Employees I have found are a PITA especially when you have not gotten your bugs, and bigger trial and errors worked out, and you have no other choice but to make rules as you go.. So this year as well as next I am laying low, focusing on getting things set and stone, build my knowledge, education, and presentational skills and really go after these businesses. I have been asked to present a bid to 1 or 2 large HOA's that paid $3k a month and a few members on the HOA board who I did their lawn and they knew we were the best service and did excellent work and didn't just have random amigos, but they said they just didn't feel comfortable putting something very big in our hands because then we had only been in business for about 2 years. I am aiming to become a certified horticulturist and build my knowledge so when I make a presentation to even just the maintenance prospects they will see I have a great knowledge of horticulture and a huge passion for this endeavor. Our quality of work has already tremendously set us apart from our competition - it's about details, being nit picky, and a perfectionist. The next thing is to get to their level with the certifications and a larger education to totally set us apart.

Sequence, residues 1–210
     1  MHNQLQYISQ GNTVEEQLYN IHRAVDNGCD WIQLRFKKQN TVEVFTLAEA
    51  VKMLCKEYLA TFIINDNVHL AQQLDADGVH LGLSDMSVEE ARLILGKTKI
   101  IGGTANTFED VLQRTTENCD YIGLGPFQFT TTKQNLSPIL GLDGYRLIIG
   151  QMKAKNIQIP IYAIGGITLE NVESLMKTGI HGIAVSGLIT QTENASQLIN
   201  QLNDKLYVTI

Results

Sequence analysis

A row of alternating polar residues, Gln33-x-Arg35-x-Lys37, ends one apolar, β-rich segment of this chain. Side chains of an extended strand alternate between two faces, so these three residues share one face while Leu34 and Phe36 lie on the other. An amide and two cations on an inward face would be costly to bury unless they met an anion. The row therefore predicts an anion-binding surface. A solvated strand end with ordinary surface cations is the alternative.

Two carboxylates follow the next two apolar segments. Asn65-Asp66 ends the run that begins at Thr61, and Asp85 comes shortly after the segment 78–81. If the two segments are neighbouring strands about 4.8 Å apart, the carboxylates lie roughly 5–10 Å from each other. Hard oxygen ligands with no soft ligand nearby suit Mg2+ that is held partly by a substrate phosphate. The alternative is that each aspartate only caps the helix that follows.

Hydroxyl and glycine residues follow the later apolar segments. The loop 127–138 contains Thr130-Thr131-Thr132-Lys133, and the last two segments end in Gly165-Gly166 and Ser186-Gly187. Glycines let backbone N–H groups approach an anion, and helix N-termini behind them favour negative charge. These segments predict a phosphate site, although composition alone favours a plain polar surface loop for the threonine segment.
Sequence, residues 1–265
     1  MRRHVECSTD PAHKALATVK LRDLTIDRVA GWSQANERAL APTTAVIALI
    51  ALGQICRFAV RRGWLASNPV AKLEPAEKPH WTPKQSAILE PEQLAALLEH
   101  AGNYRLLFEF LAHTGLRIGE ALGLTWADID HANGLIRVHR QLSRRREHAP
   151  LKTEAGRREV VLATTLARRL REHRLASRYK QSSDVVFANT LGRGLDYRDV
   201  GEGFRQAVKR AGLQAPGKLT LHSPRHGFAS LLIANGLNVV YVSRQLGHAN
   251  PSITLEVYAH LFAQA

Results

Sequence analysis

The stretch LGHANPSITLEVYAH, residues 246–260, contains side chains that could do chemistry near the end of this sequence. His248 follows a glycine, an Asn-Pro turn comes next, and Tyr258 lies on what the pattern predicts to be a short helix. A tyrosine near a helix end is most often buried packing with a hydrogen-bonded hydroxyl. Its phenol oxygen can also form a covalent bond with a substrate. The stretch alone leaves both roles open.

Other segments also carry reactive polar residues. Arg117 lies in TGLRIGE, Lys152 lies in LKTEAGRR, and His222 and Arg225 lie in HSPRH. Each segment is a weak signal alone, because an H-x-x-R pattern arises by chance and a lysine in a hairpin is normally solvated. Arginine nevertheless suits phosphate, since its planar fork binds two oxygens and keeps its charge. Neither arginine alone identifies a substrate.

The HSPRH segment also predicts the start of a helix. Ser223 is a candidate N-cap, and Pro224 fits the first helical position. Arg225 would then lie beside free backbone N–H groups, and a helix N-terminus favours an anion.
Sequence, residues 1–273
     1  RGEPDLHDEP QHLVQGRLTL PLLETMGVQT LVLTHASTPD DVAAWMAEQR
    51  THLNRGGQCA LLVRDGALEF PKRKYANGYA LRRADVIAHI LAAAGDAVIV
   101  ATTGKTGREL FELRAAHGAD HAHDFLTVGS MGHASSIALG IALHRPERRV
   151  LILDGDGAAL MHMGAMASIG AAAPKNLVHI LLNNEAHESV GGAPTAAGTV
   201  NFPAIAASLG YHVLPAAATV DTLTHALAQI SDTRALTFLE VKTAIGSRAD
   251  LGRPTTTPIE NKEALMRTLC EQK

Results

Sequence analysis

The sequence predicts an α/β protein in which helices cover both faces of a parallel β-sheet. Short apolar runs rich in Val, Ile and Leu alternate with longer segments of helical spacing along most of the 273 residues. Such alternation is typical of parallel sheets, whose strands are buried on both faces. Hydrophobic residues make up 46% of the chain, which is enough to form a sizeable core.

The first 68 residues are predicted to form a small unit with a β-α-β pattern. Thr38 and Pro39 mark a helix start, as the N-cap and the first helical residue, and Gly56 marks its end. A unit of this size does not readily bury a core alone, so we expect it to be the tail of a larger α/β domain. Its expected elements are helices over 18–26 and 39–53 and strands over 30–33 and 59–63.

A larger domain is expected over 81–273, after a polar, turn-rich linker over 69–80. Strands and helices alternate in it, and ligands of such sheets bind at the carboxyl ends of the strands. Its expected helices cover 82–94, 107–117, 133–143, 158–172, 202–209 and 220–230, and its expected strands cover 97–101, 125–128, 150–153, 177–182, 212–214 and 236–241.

6. Stillwater

    Stillwater LawnSite Platinum Member
    Messages: 4,889

    You shot yourself in the face by selling your maintenance operation, you no longer have a foundation to build upon. You say your quality of work set you apart from your competition. Well frankly you cannot say that anymore because you have nothing to show and you have no competition to set a standard with anymore. Whom ever you sold that to has that now.

    It is no longer about details and being nit picky anymore because you dont have anything to be nit picky and nothing in hand to be a perfectionists about. You also no longer have references so word of mouth about you just died. You need a maintenance side to care for your future installs you need show piece properties to demonstrate and illustrate your abilities. The bottom line is it would have been helpful to you if you maintained a operating maintenance side no matter the size of it, useing it as a pathway to your goal of being the goto guy for quality hardscape and installs. it is going to be harder now.
  7. mcw615

    mcw615 LawnSite Senior Member
    Messages: 473

    Stillwater - I realized after someone posted on here that I put 'Sold' instead of 'Solid.' I corrected it in a 2nd post to the title, you can't edit the title. I Still have the lawn and landscape maintenance, but thanks for pointing that out..
  8. Stillwater

    Stillwater LawnSite Platinum Member
    Messages: 4,889

    OH crap!!! disreguard everything I posted then it does not apply.. email the mod and ask him to change sold to solid he will do it for you.